Civic Election Day is
Saturday, Nov. 20.


Vancouver Sun Literacy Hypocrisy!

  On October 25, 1999, The Vancouver Sun published its third annual Raise-a-Reader edition, supposedly in support of improving literacy for all children. Ina lead article. the Editor-in-Chief, John Cruickshank, wrote, “Our children can only grow to become... informed and educated citizens... if we.. .provide them with the tools they need. Literacy is chief among these tools.” Street Art
  If Mr. Cruickshank is serious about helping all children become “informed and educated citizens”, he should look at the forty years of research in the sociology of education that gives us a framework for understanding why many children do not learn to read and write well.
*         As a rule, the poorest students drop out of school first and the richest last, not because poor students are dumb, but because the school system discriminates against them. Low income students drop out of school at more than twice the rate of other students.
*         School failure, for the most part, is not due to lack of intelligence or motivation on the part of low income students. It is due to an inability of the child to grasp the school’s dominant middle class culture (language, for example), and the inability of the school to meet the needs of children who are different from this middle class norm. Intelligence is social; it takes two to fail.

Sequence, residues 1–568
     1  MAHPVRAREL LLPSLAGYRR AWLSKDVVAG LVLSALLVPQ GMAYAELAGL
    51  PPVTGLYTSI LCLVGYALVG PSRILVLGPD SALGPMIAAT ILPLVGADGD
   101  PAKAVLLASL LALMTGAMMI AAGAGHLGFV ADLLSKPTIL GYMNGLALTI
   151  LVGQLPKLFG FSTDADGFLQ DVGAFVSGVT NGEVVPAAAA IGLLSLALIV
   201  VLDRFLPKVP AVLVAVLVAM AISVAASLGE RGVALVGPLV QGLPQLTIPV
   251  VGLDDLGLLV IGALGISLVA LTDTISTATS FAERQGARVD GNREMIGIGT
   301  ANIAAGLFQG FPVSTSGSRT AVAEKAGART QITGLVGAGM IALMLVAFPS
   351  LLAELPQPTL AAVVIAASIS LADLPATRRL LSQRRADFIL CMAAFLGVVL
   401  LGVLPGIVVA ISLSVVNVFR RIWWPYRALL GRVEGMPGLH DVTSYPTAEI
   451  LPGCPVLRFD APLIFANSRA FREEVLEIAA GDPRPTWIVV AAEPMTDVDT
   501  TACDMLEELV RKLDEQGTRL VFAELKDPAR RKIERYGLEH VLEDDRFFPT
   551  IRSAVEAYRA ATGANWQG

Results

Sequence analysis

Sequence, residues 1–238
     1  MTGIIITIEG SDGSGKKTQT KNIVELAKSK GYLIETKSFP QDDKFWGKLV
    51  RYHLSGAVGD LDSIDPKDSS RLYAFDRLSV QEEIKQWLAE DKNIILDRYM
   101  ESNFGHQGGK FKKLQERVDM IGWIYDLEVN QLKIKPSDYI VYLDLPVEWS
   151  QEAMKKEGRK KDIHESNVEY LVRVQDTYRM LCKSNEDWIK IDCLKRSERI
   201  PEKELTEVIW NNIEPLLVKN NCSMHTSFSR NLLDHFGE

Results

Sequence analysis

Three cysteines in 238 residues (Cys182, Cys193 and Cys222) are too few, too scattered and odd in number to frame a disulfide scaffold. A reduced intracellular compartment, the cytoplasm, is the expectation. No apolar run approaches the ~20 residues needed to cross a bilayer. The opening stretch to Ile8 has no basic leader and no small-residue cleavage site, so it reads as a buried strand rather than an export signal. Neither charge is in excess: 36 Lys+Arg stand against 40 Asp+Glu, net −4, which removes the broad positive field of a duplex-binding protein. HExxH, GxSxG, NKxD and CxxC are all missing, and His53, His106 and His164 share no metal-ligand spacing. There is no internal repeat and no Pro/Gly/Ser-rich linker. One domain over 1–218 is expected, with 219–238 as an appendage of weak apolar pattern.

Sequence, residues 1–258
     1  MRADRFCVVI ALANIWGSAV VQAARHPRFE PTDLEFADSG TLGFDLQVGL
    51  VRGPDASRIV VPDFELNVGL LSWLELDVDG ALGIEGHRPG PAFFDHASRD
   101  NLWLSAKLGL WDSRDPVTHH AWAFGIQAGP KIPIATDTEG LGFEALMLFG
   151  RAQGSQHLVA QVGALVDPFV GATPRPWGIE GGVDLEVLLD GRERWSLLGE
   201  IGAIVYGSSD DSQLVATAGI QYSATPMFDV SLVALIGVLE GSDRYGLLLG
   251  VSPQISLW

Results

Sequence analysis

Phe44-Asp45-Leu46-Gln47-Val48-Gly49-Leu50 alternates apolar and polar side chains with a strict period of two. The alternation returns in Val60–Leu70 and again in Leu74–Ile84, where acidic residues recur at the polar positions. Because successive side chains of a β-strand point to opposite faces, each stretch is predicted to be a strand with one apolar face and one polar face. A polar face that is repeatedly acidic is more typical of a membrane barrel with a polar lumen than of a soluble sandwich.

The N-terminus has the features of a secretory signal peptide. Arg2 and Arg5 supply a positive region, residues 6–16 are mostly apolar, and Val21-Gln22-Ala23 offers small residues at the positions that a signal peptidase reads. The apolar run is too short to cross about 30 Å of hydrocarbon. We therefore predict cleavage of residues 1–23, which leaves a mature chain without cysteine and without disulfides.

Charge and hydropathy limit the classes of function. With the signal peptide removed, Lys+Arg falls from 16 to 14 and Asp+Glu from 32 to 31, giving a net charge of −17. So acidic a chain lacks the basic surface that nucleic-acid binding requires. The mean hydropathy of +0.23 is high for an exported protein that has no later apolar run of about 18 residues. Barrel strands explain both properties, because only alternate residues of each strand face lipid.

*         “Illiteracy is not an isolated phenomenon,” wrote Carman St. John Hunter, one of the most respected adult educators in North America. “it can neither be understood nor responded to apart from the complex set of social, political and economic issues of which it is but one indicator.. .it is by addressing.. .poverty itself that a nation creates a climate for literacy.. .Poverty is the underlying cause of illiteracy.. .Equality and justice are the real issues — not just literacy.” (1)
  For years The Vancouver Sun has refused to allow an open discussion in its pages on the socio-economic background to illiteracy. Because of the powerful effects of poverty in the process of socialization, such a refusal is irresponsible. Mr. Cruickshank talks of helping all children learn, yet he refuses to discuss a major cause of student failure:  poverty. How is a parent supposed to buy books to read to children when she/he doesn’t have enough money for food and rent? How are families going to visit libraries if they don’t have transportation money? How are low income parents going to pay the fines for late or lost books? These difficult questions don’t arise in the elite world of Vancouver Sun managers.